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DIY Dehydrating
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Steve S
(idahosteve) - F

Locale: Idaho
DIY Dehydrating on 09/29/2010 11:49:55 MDT Print View

I've been thinking about doing some dehydrating, and I have a sizable garden. However, lots of produce that is great in "season" is really not worth much later on.
My question is what items (produce) are the go to items that are actually of use for making meals, and for bringing on the trail? These would be the items that I'd like to look into dehydrating.
What veggies for example are worth drying to make meals out of? or to add to existing meal packages?

Bob Gross
(--B.G.--) - F

Locale: Silicon Valley
Re: DIY Dehydrating on 09/29/2010 13:00:45 MDT Print View

It is possible to dehydrate many kinds of food and get good results. I get the best results from fruit, sliced very thin. Vegetables with a high degree of natural moisture work well. For example, spinach. That yields a green powder that I can sprinkle into soup.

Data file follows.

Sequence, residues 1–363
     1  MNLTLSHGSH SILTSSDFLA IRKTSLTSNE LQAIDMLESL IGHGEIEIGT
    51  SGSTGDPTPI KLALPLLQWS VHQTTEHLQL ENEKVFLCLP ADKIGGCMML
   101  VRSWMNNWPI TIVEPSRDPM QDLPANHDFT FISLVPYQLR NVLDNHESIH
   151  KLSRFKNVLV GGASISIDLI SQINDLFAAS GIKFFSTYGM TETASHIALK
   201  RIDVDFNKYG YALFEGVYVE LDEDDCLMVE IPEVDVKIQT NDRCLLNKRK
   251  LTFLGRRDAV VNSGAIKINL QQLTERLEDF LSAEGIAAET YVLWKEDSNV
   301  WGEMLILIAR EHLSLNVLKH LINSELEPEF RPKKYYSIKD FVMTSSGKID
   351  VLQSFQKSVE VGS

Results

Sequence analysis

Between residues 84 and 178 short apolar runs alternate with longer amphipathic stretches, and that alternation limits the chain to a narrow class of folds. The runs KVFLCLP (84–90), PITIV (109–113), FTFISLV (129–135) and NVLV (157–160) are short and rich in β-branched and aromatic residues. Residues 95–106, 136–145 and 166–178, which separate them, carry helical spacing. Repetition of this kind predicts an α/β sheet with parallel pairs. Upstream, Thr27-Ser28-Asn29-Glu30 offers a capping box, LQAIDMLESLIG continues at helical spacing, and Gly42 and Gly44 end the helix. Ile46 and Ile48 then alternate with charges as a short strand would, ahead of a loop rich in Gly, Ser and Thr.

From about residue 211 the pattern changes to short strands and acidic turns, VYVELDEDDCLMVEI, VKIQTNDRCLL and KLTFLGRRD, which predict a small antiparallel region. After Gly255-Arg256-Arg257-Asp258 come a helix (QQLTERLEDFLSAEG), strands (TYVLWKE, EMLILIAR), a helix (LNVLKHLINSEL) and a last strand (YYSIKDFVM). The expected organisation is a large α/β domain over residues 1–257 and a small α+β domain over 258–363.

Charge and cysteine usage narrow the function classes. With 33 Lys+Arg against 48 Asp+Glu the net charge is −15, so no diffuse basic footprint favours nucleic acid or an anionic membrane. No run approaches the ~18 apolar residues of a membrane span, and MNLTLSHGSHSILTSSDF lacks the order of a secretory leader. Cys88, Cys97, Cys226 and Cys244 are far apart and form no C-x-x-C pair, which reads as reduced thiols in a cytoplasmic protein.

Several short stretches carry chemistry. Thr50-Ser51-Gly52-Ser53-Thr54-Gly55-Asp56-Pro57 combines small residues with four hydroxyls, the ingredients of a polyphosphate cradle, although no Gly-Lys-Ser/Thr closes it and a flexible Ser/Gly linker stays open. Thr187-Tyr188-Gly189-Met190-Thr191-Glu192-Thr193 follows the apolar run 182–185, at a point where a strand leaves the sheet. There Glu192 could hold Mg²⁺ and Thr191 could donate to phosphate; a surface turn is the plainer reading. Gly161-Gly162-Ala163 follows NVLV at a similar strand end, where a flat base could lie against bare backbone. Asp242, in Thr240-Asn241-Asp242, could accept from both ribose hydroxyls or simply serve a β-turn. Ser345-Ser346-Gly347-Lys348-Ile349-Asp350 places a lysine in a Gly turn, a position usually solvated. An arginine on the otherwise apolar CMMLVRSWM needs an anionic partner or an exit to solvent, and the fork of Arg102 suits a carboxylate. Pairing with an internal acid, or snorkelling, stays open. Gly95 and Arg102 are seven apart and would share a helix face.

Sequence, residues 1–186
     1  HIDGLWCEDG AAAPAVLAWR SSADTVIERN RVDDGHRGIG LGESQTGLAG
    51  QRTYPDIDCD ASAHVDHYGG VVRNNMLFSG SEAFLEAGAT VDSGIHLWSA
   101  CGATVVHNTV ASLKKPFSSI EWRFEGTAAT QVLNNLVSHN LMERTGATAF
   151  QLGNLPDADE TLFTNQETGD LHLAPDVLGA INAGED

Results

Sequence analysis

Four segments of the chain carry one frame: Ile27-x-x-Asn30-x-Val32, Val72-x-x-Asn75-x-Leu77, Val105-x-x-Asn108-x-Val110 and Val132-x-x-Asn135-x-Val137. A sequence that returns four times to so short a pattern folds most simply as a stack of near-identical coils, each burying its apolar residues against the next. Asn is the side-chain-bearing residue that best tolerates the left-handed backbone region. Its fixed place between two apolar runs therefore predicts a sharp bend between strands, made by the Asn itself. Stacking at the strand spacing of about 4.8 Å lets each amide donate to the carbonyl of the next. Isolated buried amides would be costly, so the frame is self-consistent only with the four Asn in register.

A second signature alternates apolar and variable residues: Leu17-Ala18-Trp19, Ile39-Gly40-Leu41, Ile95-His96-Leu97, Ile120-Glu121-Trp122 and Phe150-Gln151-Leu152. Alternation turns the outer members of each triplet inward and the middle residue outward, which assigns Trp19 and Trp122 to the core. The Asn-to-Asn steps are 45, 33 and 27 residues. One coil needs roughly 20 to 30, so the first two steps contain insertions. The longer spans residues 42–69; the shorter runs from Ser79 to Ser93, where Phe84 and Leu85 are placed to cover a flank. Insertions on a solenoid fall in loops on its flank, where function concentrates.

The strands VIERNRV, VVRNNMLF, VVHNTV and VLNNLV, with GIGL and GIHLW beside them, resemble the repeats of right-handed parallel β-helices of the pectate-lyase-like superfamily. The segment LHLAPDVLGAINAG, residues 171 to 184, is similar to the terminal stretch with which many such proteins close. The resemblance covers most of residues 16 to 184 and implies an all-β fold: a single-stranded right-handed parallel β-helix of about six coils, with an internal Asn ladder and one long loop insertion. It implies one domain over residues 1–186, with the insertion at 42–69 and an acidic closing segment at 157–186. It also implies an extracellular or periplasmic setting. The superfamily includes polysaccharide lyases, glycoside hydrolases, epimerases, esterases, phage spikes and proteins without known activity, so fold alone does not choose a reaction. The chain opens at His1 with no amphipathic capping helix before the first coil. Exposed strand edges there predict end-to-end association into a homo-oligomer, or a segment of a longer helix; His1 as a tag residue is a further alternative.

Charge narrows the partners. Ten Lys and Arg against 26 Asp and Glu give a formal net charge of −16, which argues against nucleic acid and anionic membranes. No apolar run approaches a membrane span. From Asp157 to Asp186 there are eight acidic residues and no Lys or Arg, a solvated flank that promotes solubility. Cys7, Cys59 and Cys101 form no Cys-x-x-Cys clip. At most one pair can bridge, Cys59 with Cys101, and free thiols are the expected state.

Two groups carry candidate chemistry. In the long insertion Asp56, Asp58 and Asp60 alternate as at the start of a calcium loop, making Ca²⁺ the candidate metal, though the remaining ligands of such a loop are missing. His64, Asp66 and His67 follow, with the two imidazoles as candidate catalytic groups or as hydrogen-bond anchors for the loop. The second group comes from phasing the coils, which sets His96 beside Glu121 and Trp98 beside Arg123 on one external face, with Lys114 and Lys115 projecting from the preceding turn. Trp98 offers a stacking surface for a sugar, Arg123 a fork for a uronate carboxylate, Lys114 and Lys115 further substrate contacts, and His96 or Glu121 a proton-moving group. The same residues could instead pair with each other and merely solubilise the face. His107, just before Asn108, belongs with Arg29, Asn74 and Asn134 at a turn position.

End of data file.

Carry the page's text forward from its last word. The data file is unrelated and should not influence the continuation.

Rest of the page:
Sarah Kirkconnell
(sarbar) - F

Locale: In the shadow of Mt. Rainier
Re: DIY Dehydrating on 09/29/2010 14:03:04 MDT Print View

Basically if you like eating it and you have extra, dry it! I like most veggies myself so I keep on hand a good 15 or more types, in small sizes, so I can add them to my meals. It is a great way to bulk up commercial meals as you asked.
Just keep your pieces uniform and small for best results. Shredding works well also.

Gary Dunckel
(Zia-Grill-Guy) - MLife

Locale: Boulder
DIY Dehydrating on 09/29/2010 14:05:30 MDT Print View

Peas, green beans, and corn don't dehydrate well at all. Well, I guess they'll dehydrate OK, but it's the re-hydration that seriously sucks. They remain as hard as BBs, even after several hours of soaking in water. Nearly all other veggies will do fine. That's probably why Mountain House only freeze dries those 3--the others you can dehydrate yourself.

I finally stopped dehydrating much meat, as some cuts are pretty hard to rehydrate. But you can buy burger, chicken and beef in freeze dried form (Mountain House sells it fairly cheap in bulk #10 tins; check out, as they seem to be a good place to pick those up, especially once you've become a customer, and you catch their 25% off April sale. The #10 tins have a 30-year shelf life until they're opened).